Road Holes — 30 March 2017 by Jim Street
Youth is being served at Bandon Dunes

(Second of two parts)

BANDON, Or. — The Bandon Dunes Golf Resort has such a great reputation around the world that golfers from 48 countries — and counting — have played one or more of the four 18-hole layouts, the one-of-its-kind 13-hole par-3 gem called The Preserve, and Shorty’s, a 9-hole par-3 course.

But one thing that really caught my attention during a recent visit to the facility that hugs the Pacific Ocean was a high school tournament — boys and girls teams — being played at Pacific Dunes,  a 6,633-yard par-71 course, and a college tournament simultaneously being played on the nearby 6,944-yard par-71 Old MacDonald course, the newest course at the renowned resort.

At a time when attracting teenagers and 20-something year-olds to the sport is a challenge, founder Mike Keiser continues to go out of his way to lure kids to his fabulous courses.

“Mr. Keiser has always been very supportive in getting our local juniors involved in the game,” said Michael Chupka Jr., the Bandon Dunes director of communications. “It’s about growing the game and giving back to the community.”

The latest example was announced earlier this week — the debut of “Junior Bandonista”.

Junior Bandonista debuts in June

Starting on June 17, Father’s Day Weekend, and lasting through July 31, one parent can treat their junior golfer (22 years of age and younger) to a free round of golf on any of the courses, including the challenging 18-hole Bandon Dunes, Pacific Dunes, Bandon Trails and Old MacDonald layouts.  Tee-times begin at 10 a.m. and each adult can play with sons, daughters, other relatives, or even friends.

The local youth, which includes high schools and junior colleges, has been part of the resort’s success story basically since it opened as a one-course facility in 1999. As the overall popularity has grown, so has the participation of boys and girls of all ages.

Junior tournaments are played on all four of the courses, averaging one event every other week between late February and mid-May.

And that’s not all.

“Every summer we have free clinics for the kids, ages 5 to 17,” Bandon Trails head professional Scott Millhouser said. “The kids are in awe. They feel very fortunate and lucky to come out here and play. They are definitely smiling from ear to ear.”

Millhouser, a man of many hats, also oversees the junior program at the golf resort and coaches the boys and girls golf teams at Bandon High and Southwest Oregon Community College in Coos Bay.

One of the most popular spots on the Bandon Dunes facility is Shorty’s, located at the Practice Center and named after Shorty Dow, the former caretaker of the property. It was designed by David McLay Kidd, the architect behind Bandon Dunes (the first course at the Resort) and Gamble Sands in Eastern Washington.

Open on Thursdays through Sundays, it is located just south of the one-acre putting green (“The Big Putt”), the first tee at Shorty’s sits up, looking south toward the first and second greens. The course is free to guests, but there is an honor box (pictured) just off the first tee that welcomes donations.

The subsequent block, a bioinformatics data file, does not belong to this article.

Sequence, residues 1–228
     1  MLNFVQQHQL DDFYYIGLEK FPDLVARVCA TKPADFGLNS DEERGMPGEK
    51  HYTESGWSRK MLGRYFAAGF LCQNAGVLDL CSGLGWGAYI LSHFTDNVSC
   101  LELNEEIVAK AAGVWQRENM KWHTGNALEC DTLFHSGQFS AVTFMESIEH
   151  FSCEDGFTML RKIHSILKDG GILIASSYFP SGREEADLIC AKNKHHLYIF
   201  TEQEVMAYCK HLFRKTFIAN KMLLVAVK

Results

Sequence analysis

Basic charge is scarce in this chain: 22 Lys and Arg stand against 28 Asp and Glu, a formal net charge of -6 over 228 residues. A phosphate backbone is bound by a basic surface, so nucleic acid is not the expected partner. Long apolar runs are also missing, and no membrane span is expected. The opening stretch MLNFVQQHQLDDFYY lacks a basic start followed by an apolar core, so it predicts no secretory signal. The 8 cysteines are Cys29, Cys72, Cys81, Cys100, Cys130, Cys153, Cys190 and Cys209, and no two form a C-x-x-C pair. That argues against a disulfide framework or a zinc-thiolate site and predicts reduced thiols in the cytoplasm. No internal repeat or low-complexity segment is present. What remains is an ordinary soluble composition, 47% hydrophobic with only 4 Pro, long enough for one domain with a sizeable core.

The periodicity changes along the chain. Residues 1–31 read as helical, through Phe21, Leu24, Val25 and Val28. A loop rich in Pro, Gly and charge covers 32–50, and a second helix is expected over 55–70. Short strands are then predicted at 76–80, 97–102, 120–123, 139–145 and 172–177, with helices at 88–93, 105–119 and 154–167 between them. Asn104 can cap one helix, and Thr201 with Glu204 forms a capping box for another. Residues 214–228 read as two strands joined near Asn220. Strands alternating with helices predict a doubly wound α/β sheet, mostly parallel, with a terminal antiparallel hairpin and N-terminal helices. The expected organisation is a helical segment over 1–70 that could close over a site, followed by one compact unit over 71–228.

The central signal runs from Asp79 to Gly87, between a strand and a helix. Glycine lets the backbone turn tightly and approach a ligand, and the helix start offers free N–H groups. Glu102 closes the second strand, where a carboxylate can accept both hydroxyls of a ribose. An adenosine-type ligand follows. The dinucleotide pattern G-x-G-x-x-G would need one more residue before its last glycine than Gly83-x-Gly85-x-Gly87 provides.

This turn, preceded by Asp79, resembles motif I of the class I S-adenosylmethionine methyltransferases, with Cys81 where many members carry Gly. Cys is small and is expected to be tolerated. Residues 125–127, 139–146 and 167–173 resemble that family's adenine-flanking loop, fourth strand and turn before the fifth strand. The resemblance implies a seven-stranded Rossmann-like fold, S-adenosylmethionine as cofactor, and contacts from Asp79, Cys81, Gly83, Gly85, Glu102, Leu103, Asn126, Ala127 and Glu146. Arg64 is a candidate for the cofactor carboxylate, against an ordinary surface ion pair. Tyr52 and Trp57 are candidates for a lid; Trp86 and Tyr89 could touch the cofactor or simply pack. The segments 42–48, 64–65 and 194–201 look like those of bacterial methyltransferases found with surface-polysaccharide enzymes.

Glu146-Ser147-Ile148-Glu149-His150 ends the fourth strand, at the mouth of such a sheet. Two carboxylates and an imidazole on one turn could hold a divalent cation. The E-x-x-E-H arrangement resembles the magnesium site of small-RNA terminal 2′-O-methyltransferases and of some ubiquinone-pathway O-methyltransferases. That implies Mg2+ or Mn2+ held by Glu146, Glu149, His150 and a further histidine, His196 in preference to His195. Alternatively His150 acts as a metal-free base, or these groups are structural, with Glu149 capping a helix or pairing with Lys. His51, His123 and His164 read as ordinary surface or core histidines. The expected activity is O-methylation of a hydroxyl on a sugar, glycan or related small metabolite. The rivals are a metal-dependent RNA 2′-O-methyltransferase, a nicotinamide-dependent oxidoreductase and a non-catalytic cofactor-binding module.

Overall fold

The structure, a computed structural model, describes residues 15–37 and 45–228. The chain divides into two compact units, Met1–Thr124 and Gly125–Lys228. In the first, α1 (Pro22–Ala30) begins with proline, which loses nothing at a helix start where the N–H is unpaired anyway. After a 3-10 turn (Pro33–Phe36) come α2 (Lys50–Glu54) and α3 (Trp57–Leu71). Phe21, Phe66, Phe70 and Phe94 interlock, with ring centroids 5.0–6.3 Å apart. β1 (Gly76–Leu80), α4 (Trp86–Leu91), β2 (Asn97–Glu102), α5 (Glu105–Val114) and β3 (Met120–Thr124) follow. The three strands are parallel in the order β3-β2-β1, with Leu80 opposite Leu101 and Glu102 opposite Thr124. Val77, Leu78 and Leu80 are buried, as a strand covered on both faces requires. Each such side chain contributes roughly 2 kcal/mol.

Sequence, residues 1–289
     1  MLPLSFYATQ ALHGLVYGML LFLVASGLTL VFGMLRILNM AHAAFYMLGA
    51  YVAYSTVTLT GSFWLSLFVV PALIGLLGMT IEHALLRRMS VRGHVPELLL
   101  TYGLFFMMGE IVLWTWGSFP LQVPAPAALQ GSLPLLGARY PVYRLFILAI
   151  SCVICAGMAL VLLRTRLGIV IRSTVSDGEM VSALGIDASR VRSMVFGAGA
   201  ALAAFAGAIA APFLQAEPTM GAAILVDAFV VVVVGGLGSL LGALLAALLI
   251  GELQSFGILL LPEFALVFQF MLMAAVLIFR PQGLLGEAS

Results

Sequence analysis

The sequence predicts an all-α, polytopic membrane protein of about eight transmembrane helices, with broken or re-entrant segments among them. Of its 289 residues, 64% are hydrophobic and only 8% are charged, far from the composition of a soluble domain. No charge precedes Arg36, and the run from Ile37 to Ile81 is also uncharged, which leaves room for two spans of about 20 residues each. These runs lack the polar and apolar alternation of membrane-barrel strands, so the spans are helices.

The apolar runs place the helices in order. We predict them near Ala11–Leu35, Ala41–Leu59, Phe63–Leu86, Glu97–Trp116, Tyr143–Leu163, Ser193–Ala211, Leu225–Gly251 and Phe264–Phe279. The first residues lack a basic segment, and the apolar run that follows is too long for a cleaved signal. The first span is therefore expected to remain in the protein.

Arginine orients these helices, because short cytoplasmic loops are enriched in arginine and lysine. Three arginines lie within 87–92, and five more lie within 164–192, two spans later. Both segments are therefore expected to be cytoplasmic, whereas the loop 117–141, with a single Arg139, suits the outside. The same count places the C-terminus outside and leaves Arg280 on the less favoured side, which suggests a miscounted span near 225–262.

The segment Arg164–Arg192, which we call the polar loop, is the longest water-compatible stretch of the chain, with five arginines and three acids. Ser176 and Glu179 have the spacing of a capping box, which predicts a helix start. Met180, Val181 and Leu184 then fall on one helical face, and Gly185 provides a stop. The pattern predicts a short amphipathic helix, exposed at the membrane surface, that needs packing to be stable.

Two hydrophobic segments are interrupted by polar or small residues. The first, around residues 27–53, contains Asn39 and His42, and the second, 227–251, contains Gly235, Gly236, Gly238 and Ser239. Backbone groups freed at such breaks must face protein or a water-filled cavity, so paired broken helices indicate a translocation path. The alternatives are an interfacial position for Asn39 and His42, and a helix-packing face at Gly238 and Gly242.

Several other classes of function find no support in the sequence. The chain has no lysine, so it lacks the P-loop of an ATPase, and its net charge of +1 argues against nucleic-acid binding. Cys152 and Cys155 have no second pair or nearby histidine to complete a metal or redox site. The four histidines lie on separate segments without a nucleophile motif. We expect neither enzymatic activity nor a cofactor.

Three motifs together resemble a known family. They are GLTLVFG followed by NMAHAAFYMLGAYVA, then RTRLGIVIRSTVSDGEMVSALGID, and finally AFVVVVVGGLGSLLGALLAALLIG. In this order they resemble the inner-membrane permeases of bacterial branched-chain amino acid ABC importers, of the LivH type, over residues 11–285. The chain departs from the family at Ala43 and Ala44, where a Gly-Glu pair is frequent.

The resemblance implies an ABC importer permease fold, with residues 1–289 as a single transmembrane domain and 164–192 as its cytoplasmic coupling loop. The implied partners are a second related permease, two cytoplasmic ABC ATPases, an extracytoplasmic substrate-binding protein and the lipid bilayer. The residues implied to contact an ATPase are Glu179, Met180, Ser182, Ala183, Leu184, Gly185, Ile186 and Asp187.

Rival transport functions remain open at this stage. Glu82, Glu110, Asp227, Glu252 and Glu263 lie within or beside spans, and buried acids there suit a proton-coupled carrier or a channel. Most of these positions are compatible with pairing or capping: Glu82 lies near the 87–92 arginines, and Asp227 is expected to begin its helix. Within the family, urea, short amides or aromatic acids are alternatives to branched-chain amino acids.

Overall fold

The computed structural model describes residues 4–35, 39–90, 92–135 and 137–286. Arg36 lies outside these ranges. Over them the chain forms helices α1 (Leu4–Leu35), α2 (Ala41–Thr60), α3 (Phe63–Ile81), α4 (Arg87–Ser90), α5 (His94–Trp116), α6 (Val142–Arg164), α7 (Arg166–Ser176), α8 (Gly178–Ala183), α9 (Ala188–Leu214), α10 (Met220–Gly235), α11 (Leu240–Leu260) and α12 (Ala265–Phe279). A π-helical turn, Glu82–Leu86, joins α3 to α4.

“Players can go there, put in a few dollars and all of the donations go to the junior golf program and the Evans Scholarship program,” Millhouser said.

Green (open) and red (closed) flags are used to let golfers know the playing status of the course.

“Anyone can play,” he added, “and kids play for free. “I’ve had my 4-year-old son out there to play a few holes. It’s a practice course and a great place to grow and learn the game. Every time Mr. Keiser visits, he always asks me about Shorty’s and how it’s doing.”

Like the rest of the destination golf paradise, Shorty’s is doing very well, thank you.

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About Author

Jim Street

Jim’s 40-year sportswriting career started with the San Jose Mercury-News in 1970 and ended on a full-time basis on October 31, 2010 following a 10-year stint with He grew up in Dorris, Calif., several long drives from the nearest golf course. His first tee shot was a week before being inducted into the Army in 1968. Upon his return from Vietnam, where he was a war correspondent for the 9th Infantry Division, Jim took up golf semi-seriously while working for the Mercury-News and covered numerous tournaments, including the U.S. Open in 1982, when Tom Watson made the shot of his life on the 17th hole at Pebble Beach. Jim also covered several Bing Crosby Pro-Am tournaments, the women’s U.S. Open, and other golfing events in the San Francisco area. He has a 17-handicap, made his first and only hole-in-one on March 12, 2018 at Sand Point Country Club in Seattle and witnessed the first round Ken Griffey Jr. ever played – at Arizona State during Spring Training in 1990. Pebble Beach Golf Links, the Kapalua Plantation Course, Pinehurst No. 2, Spyglass Hill, Winged Foot, Torrey Pines, Medinah, Chambers Bay, North Berwick, Gleneagles and Castle Stuart in Scotland, and numerous gems in Hawaii are among the courses he has had the pleasure of playing. Hitting the ball down the middle of the fairway is not a strong part of Jim’s game, but he is known (in his own mind) as the best putter not on tour. Most of Jim’s writing career was spent covering Major League Baseball, a tenure that started with the Oakland Athletics, who won 101 games in 1971, and ended with the Seattle Mariners, who lost 101 games in 2010. Symmetry is a wonderful thing. He currently lives in Seattle and has an 8-year-old grandson, Andrew, who is the club's current junior champion at his home course (Oakmont CC) in Glendale, Calif.

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